Tarte Bourdaloue Aux Poires
There’s a famous French tart called Tarte Bourdaloue aux Poires, created by a renowned patissier, Paul Coquelin, around the turn of the last century. It’s a luscious concoction of almond pastry cream and poached pears, and a perfect autumn baking project, if you have 2 1/2 hours to spend in the kitchen.
One of the first comments I got last night, when I served this to a congenial group of neighbors, was “how long did this take you to make?” And indeed, this tart is fussy, although not finicky, lengthy in its preparation, and makes a lot of dirty dishes. You’ll never get away with saying “oh, it’s just a little thing I tossed together,” because it’s obviously a labor of love. But if people you love deserve the best of peardom, by all means allez-y, get some pears and get going. Don’t plan to be able to do anything else during the time you’re making this, although you will have half an hour to attack the heap of dishes while the tart’s baking.
Down the road from us is the most beautiful pear tree I’ve ever seen, its rosy, golden pendants just inviting theft. Ergo the sign, which we obeyed, after just admiring the fruit of someone else’s labors. Instead we had to content ourselves with some nice organic store-bought pears. I used Bartlett pears, although I think Bosc are more traditional. I also added a star of anise and a stick of cinnamon, also non-traditional, but which I think lend a subtle, haunting flavor to pears. And by the way, if you find the name too much of a tongue-twister, you can just call it French Pear Tart.
Tarte Bourdaloue au Poires*
For the pastry:
1 2/3 cup flour
1/4 cup sugar
1/2 tsp salt
10 T chilled butter, cut in pieces
1 egg yolk
1/2 tsp vanilla extract
3 T ice water
For the pears:
4 cups water
1 1/2 cups sugar
1 stick of cinnamon
1 star anise
4 ripe but firm pears
For the almond cream:
2 1/3 cups whole milk
1 vanilla bean
3 eggs, lightly beaten
3/4 cup sugar
1/2 cup flour
1/3 cup blanched, slivered almonds
1/3 cup powdered sugar
2 T butter
1/2 cup crushed amaretti (optional)
Begin with the crust. In a food processor, combine the flour and salt and add the cut up butter. Whiz until the butter is well integrated, as you would for a pie crust. Add the egg yolk and vanilla and whiz to combine. Add the ice water and whiz just until the dough begins to come together. Dump out the dough, press it into a flattened oval, and put in the fridge to chill a bit.
While the dough is chilling, poach the pears. Peel them, cut them in half, leaving the stem and core intact to help keep the pears’ shape. Place them in a large pan with the water, sugar, cinnamon stick, and star anise, bring to a near-boil, then simmer them for about 15 minutes, turning them over once, until the fruit is just tender. Don’t over cook them here or you’ll have trouble with them later. When the pears are tender remove the pan from the heat and allow the fruit to cool in the syrup.
While the pears are poaching, preheat the oven to 400°. Remove the dough from the fridge and roll it out on a lightly floured board to fit into an 11 or 12″ tart pan. Prick the dough all over with a fork, then gently fit a sheet of foil into the pan and fill it with beans or rice, or pie weights if you have them. Bake the dough for 20 minutes, then remove it from the oven, carefully remove the weighted foil, and allow the tart shell to cool. You can leave the oven on here, or heat it up again a little later.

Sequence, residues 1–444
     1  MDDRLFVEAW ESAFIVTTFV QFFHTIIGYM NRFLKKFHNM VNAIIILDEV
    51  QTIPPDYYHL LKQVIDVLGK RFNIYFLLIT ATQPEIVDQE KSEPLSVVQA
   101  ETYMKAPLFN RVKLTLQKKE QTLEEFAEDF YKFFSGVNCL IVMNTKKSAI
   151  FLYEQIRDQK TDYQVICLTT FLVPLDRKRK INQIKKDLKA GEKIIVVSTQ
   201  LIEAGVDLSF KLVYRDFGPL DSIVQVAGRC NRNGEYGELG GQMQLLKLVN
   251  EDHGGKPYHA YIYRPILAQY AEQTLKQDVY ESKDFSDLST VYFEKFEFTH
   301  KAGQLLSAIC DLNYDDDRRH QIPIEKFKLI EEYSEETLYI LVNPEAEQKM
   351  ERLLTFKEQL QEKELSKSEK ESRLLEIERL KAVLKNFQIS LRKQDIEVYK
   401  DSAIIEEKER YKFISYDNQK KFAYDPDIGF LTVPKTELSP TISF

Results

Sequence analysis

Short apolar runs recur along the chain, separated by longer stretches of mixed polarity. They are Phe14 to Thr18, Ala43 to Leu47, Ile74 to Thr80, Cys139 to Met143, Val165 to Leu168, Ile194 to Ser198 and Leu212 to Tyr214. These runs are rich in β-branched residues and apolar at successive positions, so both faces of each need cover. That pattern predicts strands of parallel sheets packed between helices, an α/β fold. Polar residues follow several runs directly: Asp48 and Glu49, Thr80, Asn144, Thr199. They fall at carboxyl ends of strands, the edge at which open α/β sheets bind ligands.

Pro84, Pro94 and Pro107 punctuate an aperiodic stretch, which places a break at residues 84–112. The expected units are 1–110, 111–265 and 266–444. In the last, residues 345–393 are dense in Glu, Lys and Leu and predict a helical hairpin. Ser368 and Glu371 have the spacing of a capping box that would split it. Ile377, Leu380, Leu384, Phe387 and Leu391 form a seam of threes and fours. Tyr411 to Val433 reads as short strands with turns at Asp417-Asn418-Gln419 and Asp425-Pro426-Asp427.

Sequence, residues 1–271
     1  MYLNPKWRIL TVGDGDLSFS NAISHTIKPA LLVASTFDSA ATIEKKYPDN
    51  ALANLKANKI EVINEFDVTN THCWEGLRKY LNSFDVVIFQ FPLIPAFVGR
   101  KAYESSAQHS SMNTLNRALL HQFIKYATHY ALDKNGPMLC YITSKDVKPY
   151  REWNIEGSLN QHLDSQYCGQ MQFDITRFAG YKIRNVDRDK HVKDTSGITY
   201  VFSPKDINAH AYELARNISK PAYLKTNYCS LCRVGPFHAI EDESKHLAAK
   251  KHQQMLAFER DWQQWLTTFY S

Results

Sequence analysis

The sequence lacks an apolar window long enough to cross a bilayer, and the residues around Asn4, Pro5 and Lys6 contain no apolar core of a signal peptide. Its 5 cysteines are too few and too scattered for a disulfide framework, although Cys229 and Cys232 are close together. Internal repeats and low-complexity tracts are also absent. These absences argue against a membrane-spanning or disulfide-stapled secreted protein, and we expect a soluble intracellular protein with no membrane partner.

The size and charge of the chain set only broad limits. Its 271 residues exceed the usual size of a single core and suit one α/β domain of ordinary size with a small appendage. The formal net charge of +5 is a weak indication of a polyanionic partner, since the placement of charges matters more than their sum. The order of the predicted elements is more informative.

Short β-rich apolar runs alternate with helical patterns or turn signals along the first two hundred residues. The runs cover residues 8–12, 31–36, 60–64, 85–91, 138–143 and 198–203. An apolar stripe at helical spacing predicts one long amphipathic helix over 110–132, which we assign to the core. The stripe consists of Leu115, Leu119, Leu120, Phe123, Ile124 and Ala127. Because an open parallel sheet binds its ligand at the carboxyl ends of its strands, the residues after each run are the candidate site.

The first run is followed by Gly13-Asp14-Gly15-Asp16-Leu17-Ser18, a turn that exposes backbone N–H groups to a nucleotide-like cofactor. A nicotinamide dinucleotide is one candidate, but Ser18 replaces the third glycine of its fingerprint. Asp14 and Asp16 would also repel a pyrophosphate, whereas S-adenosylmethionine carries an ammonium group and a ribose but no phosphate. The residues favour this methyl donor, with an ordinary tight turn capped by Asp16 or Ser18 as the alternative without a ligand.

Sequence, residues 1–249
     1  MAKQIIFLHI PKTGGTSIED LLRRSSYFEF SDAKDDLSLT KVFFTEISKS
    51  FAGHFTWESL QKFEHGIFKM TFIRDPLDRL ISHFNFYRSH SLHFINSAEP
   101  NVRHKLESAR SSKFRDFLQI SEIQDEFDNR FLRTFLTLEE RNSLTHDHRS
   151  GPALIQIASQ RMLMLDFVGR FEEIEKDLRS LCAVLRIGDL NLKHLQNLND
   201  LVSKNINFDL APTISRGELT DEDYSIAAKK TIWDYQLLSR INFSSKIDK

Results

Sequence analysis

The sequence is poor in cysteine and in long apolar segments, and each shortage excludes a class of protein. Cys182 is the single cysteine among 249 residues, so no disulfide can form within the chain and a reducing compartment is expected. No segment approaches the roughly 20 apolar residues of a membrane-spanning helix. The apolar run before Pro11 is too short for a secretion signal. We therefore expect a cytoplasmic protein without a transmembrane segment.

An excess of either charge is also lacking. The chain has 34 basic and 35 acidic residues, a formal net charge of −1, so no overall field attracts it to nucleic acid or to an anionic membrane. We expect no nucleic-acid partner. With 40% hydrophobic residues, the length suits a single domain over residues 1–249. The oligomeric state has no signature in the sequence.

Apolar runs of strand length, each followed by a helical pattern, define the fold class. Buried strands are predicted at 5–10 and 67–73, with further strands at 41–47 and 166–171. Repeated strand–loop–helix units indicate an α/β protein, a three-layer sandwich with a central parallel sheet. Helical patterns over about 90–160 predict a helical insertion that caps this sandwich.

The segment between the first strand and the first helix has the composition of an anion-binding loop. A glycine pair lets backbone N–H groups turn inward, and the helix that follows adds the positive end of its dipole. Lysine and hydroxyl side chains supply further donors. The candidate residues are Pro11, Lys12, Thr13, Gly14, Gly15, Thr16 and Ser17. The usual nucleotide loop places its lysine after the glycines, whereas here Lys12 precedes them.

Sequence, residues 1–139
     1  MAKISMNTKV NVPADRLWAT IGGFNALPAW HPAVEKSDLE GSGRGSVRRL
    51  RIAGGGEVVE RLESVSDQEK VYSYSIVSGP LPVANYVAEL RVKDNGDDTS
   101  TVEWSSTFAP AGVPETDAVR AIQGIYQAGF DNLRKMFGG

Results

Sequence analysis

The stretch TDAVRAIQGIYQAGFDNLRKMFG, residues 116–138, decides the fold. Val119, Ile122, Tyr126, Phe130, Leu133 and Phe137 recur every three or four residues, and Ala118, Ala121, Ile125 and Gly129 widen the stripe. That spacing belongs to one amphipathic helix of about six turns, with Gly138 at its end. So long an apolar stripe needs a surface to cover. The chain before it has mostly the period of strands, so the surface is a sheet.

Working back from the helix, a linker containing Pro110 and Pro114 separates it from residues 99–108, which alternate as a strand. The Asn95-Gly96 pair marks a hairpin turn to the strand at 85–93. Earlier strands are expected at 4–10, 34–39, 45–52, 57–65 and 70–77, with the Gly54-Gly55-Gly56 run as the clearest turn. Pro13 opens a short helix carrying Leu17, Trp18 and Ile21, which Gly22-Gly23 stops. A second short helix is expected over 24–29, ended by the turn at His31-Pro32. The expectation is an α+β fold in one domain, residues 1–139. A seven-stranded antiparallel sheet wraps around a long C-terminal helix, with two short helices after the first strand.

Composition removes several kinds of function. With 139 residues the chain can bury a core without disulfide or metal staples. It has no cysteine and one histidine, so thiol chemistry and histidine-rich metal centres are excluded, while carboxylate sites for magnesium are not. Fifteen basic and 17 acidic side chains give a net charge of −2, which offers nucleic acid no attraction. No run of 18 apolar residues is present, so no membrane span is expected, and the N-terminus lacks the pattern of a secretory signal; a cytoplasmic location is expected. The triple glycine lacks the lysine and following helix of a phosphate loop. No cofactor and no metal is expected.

While the tart shell is baking, begin making the almond cream. Place the milk in a large measuring cup, scrape the seeds of the vanilla bean into the milk, and toss in the rest of the vanilla bean. Zap the milk in the microwave until it is near boiling, about 3-4 minutes.
While the milk is heating, whisk the eggs and sugar together in a sauce pan, then whisk in the flour. Slowly whisk in the hot milk (after removing the split vanilla beans), being careful to whisk out any lumps. Cook this mixture over medium heat until very thick, whisking constantly, about 8-10 minutes. Pour this custard into a mixing bowl and whisk in the butter until it melts. Grind the slivered almonds in the food processor with the powdered sugar until you have a very fine powder. Whisk this almond powder into the custard and set it aside to cool. Whisking it frequently will help it cool faster.
While the custard is cooling, remove the pears from the syrup and place them on a cutting board. With a small, sharp knife, delicately remove the stems and cores, doing your best to keep the pear intact. Turn the pear halves over and slice them thinly, but leave the pointed end intact, only slice them up to about 1/4 inch from the top. This is easier to do than to describe, just take your time here, because the beauty of the tart depends on this step.
Once the custard has cooled to room temperature place it gently in the tart shell and smooth the surface. Using a small offset spatula, carefully scoop up the pear halves and nestle them into the custard. Bake the tart at 400° for 30 minutes. Remove the tart from the oven, and if you’re using the amaretti (which give a nice little crunch and additional hit of almond flavor), tun the oven to broil. Decoratively scatter the cookie crumbs over the custard (I chose not to sprinkle them on the fruit itself, because I wanted to show it off), dust the pears lightly with powdered sugar, and place the tart under the broiler for a minute or two while the crumbs brown.
Arguably I let my crumbs brown a little too much, as it happened really fast, but I have to say that no one complained, and I think that the tart would be lovely sans crumbs too. Now sit back and wait for the applause. I guarantee that you won’t have to wait long.
* adapted from this version of the recipe.Explore posts in the same categories: French Letters Visits America, Posts Containing Recipes comment below, or link to this permanent URL from your own site.